By Carey Goldberg
April 18, 2012
“I have come to believe that just as autism is not simply a genetics problem, it is not simply a brain problem, either. Autism involves the whole body. As a physician, I’ve seen so many autistic children with similar medical problems that I can’t believe it’s just a coincidence…At this point, I think there is enough evidence to say that while autism certainly involves the brain, it is really a problem of the whole body, including the brain, from molecules to cells, from organs to metabolism, from immune to digestive systems.”
That passage comes from “The Autism Revolution,” by Harvard neurologist Dr. Martha Herbert and CommonHealth contributor Karen Weintraub, a new book that we excerpted just last month. Now, just out in the journal PLOS One, is a Harvard paper that mined Boston hospital electronic health records of more than 14,000 young people and produced the striking illustration above of just how whole-body a condition autism can be.
Particularly of note in the chart: the high prevalence of bowel disorders in those with autism, a topic that has been somewhat controversial; and the high levels of schizophrenia and auto-immune disorders. I interpret the study’s conclusions, below, as saying, “Kids with ASD — Autism Spectrum Disorders — don’t just have brain problems, they may have many physical problems and we’d better all keep that in mind.”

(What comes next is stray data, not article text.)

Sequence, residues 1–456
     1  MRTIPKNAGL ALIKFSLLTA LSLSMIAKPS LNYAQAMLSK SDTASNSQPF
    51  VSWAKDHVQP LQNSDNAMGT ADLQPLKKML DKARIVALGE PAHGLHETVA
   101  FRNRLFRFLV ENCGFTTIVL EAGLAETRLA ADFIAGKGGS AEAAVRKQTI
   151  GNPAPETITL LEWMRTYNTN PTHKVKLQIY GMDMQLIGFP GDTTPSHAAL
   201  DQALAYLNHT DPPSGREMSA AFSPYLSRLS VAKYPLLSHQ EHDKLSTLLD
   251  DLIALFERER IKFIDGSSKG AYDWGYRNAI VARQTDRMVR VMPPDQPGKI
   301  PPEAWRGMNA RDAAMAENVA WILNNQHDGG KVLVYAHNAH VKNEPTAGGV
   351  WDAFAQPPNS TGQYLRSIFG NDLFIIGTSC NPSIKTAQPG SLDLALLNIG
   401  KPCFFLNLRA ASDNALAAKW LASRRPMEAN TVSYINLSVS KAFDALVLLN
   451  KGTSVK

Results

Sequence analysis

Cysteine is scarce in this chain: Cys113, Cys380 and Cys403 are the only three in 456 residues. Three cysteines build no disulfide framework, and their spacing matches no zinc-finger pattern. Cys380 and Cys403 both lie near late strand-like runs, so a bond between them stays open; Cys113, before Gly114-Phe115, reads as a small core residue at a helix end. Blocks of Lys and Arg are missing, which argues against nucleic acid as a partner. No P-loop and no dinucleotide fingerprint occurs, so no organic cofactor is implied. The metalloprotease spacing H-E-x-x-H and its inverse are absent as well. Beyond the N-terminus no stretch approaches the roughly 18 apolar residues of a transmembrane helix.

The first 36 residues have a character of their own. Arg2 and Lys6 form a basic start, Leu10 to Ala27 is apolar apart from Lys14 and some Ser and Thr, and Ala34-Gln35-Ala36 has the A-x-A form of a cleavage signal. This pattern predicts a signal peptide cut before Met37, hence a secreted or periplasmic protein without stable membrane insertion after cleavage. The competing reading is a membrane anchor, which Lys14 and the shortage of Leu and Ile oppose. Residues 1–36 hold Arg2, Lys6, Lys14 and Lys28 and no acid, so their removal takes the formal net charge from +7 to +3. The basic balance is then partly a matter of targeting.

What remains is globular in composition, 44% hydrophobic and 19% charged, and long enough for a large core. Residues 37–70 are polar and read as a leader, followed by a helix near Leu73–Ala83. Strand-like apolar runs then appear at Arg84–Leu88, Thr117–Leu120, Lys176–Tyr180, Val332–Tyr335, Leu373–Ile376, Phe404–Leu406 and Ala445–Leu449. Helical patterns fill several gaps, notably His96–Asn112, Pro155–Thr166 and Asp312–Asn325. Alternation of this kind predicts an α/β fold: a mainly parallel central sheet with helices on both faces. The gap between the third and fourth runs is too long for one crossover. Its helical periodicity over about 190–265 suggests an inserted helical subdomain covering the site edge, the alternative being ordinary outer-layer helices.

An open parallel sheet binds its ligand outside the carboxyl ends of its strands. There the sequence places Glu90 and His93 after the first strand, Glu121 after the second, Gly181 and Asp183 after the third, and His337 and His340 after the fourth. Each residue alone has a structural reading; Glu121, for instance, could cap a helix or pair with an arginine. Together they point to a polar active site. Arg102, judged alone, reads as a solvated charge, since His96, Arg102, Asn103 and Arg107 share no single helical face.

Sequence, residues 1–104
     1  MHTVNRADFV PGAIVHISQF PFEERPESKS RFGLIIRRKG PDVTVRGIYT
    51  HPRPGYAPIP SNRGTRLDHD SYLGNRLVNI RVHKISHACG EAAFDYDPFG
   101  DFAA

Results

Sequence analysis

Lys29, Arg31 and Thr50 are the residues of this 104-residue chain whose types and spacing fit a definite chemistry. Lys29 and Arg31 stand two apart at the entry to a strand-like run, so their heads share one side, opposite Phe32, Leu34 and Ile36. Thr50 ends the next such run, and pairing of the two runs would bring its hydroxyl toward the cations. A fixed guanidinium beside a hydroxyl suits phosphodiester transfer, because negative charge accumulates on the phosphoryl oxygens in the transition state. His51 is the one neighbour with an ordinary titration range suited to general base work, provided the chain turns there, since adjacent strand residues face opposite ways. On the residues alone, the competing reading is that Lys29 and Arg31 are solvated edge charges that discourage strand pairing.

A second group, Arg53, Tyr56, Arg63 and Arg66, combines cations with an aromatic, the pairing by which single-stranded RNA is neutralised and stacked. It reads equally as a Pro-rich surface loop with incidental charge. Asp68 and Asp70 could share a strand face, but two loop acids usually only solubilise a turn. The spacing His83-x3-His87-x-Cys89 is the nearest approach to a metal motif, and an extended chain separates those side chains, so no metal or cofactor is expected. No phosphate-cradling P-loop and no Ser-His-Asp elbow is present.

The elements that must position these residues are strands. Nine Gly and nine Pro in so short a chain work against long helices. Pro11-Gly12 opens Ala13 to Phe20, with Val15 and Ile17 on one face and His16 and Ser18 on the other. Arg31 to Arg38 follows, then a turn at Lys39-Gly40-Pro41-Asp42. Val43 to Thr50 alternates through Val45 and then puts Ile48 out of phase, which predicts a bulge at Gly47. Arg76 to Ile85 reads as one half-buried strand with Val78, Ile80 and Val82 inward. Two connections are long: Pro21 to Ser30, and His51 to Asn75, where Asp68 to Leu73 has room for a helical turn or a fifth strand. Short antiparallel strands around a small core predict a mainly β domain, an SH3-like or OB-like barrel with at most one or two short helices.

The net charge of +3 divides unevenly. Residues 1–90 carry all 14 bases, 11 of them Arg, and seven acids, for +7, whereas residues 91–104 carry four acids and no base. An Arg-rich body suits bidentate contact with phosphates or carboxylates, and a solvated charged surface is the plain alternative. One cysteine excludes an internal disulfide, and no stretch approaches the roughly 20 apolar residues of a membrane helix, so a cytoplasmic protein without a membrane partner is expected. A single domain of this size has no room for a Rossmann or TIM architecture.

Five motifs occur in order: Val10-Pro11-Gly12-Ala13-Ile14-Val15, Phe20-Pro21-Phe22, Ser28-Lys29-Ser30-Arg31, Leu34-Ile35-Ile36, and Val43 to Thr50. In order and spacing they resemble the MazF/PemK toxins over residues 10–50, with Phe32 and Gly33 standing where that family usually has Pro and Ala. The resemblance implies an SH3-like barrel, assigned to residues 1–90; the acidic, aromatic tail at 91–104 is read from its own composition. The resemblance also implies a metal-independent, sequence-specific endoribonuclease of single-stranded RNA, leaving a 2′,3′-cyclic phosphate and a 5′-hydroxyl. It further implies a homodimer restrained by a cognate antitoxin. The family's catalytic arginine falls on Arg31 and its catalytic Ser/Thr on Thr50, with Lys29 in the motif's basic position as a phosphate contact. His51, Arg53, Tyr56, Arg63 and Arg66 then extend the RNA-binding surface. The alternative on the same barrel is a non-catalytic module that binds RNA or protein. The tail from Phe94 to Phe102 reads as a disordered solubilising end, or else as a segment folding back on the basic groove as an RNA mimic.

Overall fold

|From PLOS One, The Co-Morbidity Burden of Children and Young Adults with Autism Spectrum Disorders|
The comorbidities of ASD encompass disease states that are significantly overrepresented in ASD with respect to even the patient populations of tertiary health centers. This burden of comorbidities goes well beyond those routinely managed in developmental medicine centers and requires broad multidisciplinary management that payors and providers will have to plan for.
Dr. Herbert was not involved in the study, and I asked her for her take on it.
“We already knew that a lot of these conditions exist in autism,” she said, though “many people thought that they were not any more common in autism than in the generally population. But this study shows that many of these conditions occur more frequently in autism, although there still remains some uncertainty.”
“What we don’t know yet,” she said, “is, how do we translate these correlations into clues that lead us to underlying biology? Because once we’re dealing with these kinds of medical issues, we’re not just talking about broken genes in the brain, we’re talking about conditions that we might be able to help medically.”
Read the full PLOS One paper here.